The Beatles vs. Stones debate is an old and hoary one. But it is revived anew with each new generation of rock fans. While you’re at the Hall of Fame checking out the Stones exhibit, pay the permanent Beatles exhibit a visit and rekindle this old, beloved debate. This is hands-down the best Beatles exhibit in the world. As the Hall of Fame is on very good terms with Ringo Starr, Yoko Ono, and the estate of George Harrison, they were able to secure a great many original artifacts. You will see many of the Beatles’ legendary clothes. From the mop-top days to the Sgt. Pepper days, the Beatles were almost as well known for the clothes they wore and the styles they started as for the music they played. There are, of course, also loads of audio and visual aspects of this exhibit, which are fun and educational for the old and the young.
After your rock-n-roll experience, you’ll be ready to kick back like rock stars do backstage. The perfect hotel for this is an Extended Stay Hotel, where every convenience of home is provided for you.
Keep on Rockin’ in the Free World!
In one wonderful respect, the United States is becoming much more European. The summertime music festival, a mainstay of European culture for quite some time, is spreading across the US. There are now a bunch of festivals where you can see your favorite bands under an open sky. Seeing a concert in a hall is great for powerful acoustics and light shows, but it’s not so great for hanging out. Outdoor festivals are perfect for both—seeing music and spending quality time connecting with your friends. Because you feel a greater connection with the crowd, you feel a greater connection with the musicians, too. And since the musicians have a ton of fellow performers to hang out with, they feel more connected, as well. An outdoor festival is conducive to overall community in ways that a concert at an indoor venue can never be.
The Bonnaroo Music and Arts Festival: Manchester, Tennessee
This festival is imbued the spirit of the 1960s and the sounds of now. In fact, the spirit of the ‘60s at Bonnaroo is even better than it was in the actual ‘60s. Stephen Stills, who famously left the Woodstock Festival in 1969 after playing with Crosby, Stills, Nash & Young, in order to jet off to the Dick Cavett Show and talk about how great the festival was, declared from the Bonnaroo stage in 2011, in between Buffalo Springfield songs, that had Woodstock ’69 been as good as Bonnaroo ’11, he would have blown off the Cavett Show and stayed for the whole festival. Every year, the folks at Bonnaroo improve on an already great thing. This year’s festival, which takes place from June 13th-16th, features a startling line-up of legends who are as relevant now as they ever were: Paul McCartney, Tom Petty & the Heartbreakers, and Swans among them. There is also, of course, a whole slew of innovative contemporary acts: Mumford and Sons, Macklemore & Ryan Lewis, and Matt & Kim among them. Then there’s the comedy stage, where you can laugh like a rock star to the jokes of David Cross, Bob Saget, Eric Andre, and others.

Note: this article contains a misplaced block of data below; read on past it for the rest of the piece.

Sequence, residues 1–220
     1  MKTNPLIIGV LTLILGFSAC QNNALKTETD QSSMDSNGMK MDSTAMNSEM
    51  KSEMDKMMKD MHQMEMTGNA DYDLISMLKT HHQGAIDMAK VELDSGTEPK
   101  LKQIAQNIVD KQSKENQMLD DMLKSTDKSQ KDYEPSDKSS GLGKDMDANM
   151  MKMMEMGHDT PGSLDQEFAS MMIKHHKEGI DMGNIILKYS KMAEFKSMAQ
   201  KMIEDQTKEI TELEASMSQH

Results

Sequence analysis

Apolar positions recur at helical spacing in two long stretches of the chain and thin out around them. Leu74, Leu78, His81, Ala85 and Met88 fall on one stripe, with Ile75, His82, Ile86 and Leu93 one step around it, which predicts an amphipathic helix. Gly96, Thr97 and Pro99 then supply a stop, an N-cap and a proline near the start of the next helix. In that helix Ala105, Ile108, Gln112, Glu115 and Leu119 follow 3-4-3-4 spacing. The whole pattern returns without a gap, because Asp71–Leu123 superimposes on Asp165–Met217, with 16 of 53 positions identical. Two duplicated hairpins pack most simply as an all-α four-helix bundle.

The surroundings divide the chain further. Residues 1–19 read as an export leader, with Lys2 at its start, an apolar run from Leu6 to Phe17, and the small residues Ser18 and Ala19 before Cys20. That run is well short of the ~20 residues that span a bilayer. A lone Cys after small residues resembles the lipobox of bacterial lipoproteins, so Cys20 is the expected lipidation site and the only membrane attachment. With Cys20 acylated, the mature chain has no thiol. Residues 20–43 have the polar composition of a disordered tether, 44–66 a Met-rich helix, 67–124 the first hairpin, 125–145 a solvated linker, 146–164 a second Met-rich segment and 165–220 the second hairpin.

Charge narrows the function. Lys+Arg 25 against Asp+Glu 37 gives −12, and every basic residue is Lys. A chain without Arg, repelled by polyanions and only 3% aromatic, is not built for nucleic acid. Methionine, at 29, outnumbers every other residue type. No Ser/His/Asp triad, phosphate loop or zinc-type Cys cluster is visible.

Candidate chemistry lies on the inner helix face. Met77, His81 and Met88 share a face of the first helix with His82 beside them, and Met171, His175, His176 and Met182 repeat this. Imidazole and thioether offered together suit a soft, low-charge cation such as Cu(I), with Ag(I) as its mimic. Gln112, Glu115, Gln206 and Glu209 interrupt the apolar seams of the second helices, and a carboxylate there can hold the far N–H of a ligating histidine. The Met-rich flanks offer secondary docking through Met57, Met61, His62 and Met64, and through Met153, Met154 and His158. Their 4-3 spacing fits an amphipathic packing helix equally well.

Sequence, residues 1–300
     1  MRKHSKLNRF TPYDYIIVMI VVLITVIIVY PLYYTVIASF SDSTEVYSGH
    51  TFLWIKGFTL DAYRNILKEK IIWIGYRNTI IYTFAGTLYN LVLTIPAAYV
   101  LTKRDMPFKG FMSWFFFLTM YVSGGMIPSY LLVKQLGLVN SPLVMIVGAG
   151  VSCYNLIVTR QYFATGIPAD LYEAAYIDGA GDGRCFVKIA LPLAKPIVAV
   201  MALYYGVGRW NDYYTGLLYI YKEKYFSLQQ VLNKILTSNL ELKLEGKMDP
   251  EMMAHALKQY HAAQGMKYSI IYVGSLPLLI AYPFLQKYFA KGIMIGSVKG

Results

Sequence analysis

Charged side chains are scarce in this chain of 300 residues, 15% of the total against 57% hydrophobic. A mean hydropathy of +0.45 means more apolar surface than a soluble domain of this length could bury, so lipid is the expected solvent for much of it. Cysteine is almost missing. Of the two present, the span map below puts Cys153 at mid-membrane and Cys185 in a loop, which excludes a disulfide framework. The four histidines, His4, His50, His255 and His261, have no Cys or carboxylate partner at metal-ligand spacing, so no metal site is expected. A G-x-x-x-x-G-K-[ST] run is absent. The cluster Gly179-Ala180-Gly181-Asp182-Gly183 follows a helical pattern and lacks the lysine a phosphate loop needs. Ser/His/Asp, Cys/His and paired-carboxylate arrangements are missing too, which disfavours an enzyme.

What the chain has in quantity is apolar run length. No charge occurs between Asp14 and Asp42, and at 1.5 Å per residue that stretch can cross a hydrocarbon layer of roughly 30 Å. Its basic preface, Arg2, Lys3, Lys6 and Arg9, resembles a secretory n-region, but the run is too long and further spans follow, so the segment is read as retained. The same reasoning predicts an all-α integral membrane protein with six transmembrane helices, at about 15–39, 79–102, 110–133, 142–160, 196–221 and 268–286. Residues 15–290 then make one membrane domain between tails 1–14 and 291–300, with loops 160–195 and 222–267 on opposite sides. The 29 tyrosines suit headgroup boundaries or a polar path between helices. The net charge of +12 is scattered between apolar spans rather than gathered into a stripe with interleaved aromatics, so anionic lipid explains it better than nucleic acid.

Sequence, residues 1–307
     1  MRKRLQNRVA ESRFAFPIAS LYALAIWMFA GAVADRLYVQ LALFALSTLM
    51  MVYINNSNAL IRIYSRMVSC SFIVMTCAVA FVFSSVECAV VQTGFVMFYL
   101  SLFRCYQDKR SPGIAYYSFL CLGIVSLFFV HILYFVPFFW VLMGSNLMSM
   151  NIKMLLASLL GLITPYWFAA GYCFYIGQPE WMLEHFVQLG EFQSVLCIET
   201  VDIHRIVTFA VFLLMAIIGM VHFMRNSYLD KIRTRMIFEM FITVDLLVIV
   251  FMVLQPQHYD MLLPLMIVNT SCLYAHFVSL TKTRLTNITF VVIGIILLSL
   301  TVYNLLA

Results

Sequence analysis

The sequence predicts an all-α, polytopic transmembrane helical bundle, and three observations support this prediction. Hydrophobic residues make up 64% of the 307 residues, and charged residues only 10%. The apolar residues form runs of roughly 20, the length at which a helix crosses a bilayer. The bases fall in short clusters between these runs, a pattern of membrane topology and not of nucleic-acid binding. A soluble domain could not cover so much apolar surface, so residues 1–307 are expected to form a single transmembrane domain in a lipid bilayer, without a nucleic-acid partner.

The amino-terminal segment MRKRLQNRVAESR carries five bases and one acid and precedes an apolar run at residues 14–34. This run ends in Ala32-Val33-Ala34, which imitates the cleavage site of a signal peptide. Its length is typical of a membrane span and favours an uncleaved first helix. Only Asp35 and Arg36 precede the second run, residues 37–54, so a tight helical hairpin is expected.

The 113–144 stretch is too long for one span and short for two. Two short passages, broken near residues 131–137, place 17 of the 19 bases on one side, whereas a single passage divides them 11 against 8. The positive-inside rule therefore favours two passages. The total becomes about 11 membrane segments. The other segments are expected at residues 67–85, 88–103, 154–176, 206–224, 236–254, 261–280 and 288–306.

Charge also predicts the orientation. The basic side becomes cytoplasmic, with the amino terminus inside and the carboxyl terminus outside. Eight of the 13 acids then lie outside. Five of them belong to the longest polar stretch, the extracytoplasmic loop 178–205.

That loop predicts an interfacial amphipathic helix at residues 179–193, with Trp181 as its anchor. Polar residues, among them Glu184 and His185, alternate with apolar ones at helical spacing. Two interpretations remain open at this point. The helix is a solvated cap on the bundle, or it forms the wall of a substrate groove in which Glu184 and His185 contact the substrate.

Lollapalooza: Chicago, Illinois
During the ‘90s, Lollapalooza brought indie music to the people in a manic, sometimes carnival-esque roadshow. Started by Perry Farrell in 1991 as an epic, rolling swansong for his band Jane’s Addiction, the festival introduced many teenagers to such essential ‘90s acts as Pavement, Beck, and Nine Inch Nails. Just like the people in those bands and their fans, the Lollapalooza festival has grown up. Like many grown-ups, Lollapalooza has settled down. No longer going from town to town to spread its rock-n-roll fairy dust, Lollapalooza now calls the city of Chicago home—taking place in spacious, green Grant Park, which commands a great view of Chi-Town’s skyline. Despite being older and settled, Lollapalooza is as hip as ever—if a little less hyperactive than it was in its younger years. This year’s festival features mope-core legends The Cure, Afro-pop influenced songsters Vampire Weekend, and full-on rockers Band of Horses. And since this is a late-starting festival, you can explore Chicago during the daytime. Rock on!
When the rocking-out day is done, nothing is more satisfying than laying your head on a comfy pillow and calling it a night. The perfect place to unwind and recharge is a hotel with the feel of home but none of the chores—like an Extended Stay Hotel.
I Love Los Angeles!
When most people think of Los Angeles, they think of the things that Woody Allen focuses on in his film Annie Hall—the weather and the stars. But LA has so much more going for it than that. Which is not to discount the weather and the stars—or Annie Hall. The weather is consistently comfy, just to Goldilocks’ liking—rarely too hot or too cold. And if you find it thrilling to see famous people doing regular-people stuff, LA is the place for you. You might see Ashton Kutcher buying a cucumber or Miley Cyrus rocking out to her iPod. But the stuff to do in the City of Angels doesn’t stop there. Not by a long shot!
Hermosa Beach is the best place in the country for singles, according to Money magazine. So if you’re looking for love, or you’re just looking to soak up some rays on a beach that is not packed with families, this is the place for you. There is a classic beach-boy/beach-girl vibe here. There are enough shaggy surfers and fun-loving volleyball players to make it feel like you’re hanging out in a Saved By the Bell episode. Indeed, hanging out in Hermosa Beach, you begin to feel like you’re in a TV show. As on a lot of TV shows, many people seem like they don’t have jobs. Despite the fact that a lot of Hermosa Beach residents have high-pressure finance careers, they seem to be living the good life without a care in the world. That’s how powerful the laid-back vibe is here.